[2]: https://en.wikipedia.org/wiki/Reconstruction_Amendments

That's a good point. Everyone always blames this on conservative policies like the war on drugs, but in reality liberal policies like school integration have also contributed to the issue, e.g. by creating gangs and balkanizing communities.

Did I read that right? School integration creates gangs?


>Rucker estimates that each additional year of exposure to desegregated schools increased black men’s annual earnings by roughly 5 percent, increased their wages by 2.9 percent, and led to an annual work effort that was 39 hours higher. At the same time, for these black male adults the probability of poverty decreased by between 1.6 and 1.9 percentage points. Overall, five years spent in desegregated schools yielded an estimated 25 percent increase in annual earnings and increased annual work effort of 195 hours. Desegregation also resulted in significant long-run improvements in blacks' adult health, as measured by self-assessed general health status; the effect of a five-year exposure to school desegregation is equivalent to being seven years younger.

Some of the first American gangs were Irish (Forty Thieves, Dead Rabbits) and integration of the Irish in American society certainly didn't cause an increase in Irish street gangs.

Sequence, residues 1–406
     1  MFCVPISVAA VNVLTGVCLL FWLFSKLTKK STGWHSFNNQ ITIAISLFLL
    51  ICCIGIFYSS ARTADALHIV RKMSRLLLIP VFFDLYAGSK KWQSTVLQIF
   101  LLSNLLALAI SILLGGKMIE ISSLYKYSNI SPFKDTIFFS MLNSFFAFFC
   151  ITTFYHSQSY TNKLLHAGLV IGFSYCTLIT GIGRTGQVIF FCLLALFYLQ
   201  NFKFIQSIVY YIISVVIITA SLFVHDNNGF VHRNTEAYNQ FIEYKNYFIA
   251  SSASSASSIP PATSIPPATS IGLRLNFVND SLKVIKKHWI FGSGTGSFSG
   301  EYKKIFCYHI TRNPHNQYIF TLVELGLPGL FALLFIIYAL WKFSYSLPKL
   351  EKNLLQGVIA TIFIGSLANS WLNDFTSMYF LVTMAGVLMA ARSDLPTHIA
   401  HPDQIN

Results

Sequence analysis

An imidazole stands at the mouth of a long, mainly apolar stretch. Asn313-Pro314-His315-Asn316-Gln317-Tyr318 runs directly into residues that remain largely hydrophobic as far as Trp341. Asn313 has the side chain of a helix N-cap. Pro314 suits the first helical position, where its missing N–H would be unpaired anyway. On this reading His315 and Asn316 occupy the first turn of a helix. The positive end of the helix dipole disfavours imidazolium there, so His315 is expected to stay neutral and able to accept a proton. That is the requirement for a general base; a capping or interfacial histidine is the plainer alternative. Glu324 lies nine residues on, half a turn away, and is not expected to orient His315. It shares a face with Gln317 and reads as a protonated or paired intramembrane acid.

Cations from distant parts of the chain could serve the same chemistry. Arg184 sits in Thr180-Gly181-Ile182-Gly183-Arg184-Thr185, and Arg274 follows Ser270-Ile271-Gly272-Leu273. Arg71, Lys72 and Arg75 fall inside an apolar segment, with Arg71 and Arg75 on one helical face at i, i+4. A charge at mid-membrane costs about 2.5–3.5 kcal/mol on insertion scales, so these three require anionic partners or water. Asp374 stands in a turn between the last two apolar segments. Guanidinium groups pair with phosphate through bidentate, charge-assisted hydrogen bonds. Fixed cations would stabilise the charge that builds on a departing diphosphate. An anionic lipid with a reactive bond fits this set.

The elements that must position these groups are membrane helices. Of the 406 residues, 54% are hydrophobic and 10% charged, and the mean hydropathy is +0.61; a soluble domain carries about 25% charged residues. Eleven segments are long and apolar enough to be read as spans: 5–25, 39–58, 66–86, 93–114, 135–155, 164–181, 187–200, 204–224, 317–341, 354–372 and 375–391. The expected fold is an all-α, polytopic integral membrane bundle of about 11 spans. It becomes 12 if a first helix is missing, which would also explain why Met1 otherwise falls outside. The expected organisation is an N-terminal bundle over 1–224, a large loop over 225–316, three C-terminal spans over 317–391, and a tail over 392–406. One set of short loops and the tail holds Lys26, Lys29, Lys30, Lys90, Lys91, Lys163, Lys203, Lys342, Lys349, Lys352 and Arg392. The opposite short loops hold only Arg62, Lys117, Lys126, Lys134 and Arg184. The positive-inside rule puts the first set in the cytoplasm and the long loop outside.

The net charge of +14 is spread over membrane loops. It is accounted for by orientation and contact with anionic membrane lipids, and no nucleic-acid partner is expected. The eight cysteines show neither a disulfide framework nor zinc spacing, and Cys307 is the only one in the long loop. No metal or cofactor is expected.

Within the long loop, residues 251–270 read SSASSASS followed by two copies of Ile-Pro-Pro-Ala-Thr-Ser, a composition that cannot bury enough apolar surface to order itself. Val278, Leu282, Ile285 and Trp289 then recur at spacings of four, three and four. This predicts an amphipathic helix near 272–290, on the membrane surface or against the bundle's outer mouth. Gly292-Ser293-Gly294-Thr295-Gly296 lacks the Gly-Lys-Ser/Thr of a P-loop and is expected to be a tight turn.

> School integration creates gangs?

C.f. http://www.amazon.com/World-We-Created-Hamilton-High/dp/0674...

> Rucker estimates that each additional year of exposure to desegregated schools increased black men’s annual earnings by roughly 5 percent, increased their wages by 2.9 percent, and led to an annual work effort that was 39 hours higher.

Also, what exactly does that mean? E.g. a person going from an all black school to a school that's 90% white is going to have almost nothing in common with someone going from an all black school to a school that's still 90% black. I skimmed over the study, but I'm having trouble understanding how they are controlling for demographics and what they call the 'black-white exposure index'.

I don't follow at all. You're blaming balkanization on integration? Sure, white flight was an unintended consequence but that surely wasn't the goal and no fault of the policy itself. And how is this connected to gangs? Gangs can't exist in segregated schools how?

> Sure, white flight was an unintended consequence but that surely wasn't the goal and no fault of the policy itself.

It's not entirely accurate to say it was an unintended consequence. The Coleman Report predicted these sorts of issues if desegregation was implemented in the way that it was.

> And how is this connected to gangs?

C.f. the book I linked to.

And this is what I don't understand about the politics. Support for the drug war is strongest among African American leaders where you'd expect it to be weakest.